The below is Mostafa Saber‘s speech delivered at The World Peace Forum Society Teach In, Vancouver, on October 25, 2014 on the Arab Spring – Revisiting the Revolution in Iran. Saber is in the Central Committee of the Worker-communist Party of Iran. Enjoy.
I intend to give you my assessment of the Arab Spring and its relationship with the Iranian revolutions of 1979 and 2009. I will be making three points.
The first point is that it was no accident that Ayatollah Khomeini and Margaret Thatcher came to power almost at the same time, respectively 1979 and 1980. They were, in a way, two sides of the same coin!
Everyone knows that Thatcher smashed the labor movement. That is what she was famous for and proud of. But, it might be new to some of you to hear that Khomeini slaughtered a whole generation of labor activists, communists, women’s right activists and dissidents, and we still don’t know where many of their graves are.
In recent history, nothing has been more misrepresented than the 1979 revolution in Iran. At its heart, it was a working class revolution that was ultimately defeated by the Islamic movement, which was backed by Western powers who had lost hope in the Shah of Iran. Meanwhile, this Islamic movement was portrayed as the revolution itself when it was a counter-revolution, and a very brutal and reactionary one. It was labeled as a “spiritual” revolution! It was not just a falsification of concept; more importantly, it was the beginning of a practical problem not only for the workers, women and all people in countries like Iran, but for the whole world. I’m referring to the rise of political Islam, the latest product of which is ISIS. If Margret Thatcher and the crushing of the miners’ strike in the UK was the beginning of the new conservatism, so was Khomeini’s movement, and his bloody victory over the actual revolution in Iran, the beginning of political Islam.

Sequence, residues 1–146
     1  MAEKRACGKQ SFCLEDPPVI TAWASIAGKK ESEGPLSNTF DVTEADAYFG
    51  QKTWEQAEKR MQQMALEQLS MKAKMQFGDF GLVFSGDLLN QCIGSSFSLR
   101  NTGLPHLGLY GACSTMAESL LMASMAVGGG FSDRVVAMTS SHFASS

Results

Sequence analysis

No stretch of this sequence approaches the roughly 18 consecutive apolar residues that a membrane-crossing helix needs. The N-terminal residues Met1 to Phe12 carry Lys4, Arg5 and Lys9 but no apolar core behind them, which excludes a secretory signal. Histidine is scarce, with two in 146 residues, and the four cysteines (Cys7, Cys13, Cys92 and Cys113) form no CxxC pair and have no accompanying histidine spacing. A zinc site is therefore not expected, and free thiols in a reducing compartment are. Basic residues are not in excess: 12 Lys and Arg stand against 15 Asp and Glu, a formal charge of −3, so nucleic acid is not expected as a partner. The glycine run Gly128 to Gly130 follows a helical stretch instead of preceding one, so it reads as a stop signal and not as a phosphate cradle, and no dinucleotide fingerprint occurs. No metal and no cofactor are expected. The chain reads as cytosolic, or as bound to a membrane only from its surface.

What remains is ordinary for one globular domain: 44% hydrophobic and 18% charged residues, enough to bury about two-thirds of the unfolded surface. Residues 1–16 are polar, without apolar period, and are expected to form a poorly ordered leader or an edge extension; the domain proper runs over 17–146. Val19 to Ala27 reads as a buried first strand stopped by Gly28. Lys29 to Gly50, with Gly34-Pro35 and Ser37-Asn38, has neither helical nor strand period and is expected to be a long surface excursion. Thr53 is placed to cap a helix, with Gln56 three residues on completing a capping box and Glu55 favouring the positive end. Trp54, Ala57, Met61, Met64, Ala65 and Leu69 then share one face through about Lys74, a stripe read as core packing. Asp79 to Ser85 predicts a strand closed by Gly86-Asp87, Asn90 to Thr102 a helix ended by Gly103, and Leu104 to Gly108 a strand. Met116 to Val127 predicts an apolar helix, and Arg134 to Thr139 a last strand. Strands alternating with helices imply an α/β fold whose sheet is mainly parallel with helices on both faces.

To make my first point short: Thatcher and Khomeini were both products and agents of a shift in world history. This shift sought to end the stagnation period that had followed the Golden Age of capitalism (1945 to 1973) and to begin the New Liberal globalization era, which started in the 1980s. Capitalism after World War 2 expanded rapidly and had reached the point of over saturated accumulation of capital, especially in old industrial countries. Now it needed new blood, namely cheap labor! How did capitalism resolve this? It did so, among other things, by smashing labor movements, ending the welfare state, attacking the left and all progressive movements everywhere, moving capital and production to less saturated markets or by globalizing the production of surplus value. What was the political structure of this new globalization? Well, it was the so called “conservative revolution.” My point is that Thatcher in the west and Khomeini in the Middle East were the pioneers of this reactionary “revolution” that has devastated our planet for the last 3 to 4 decades. [Read more…]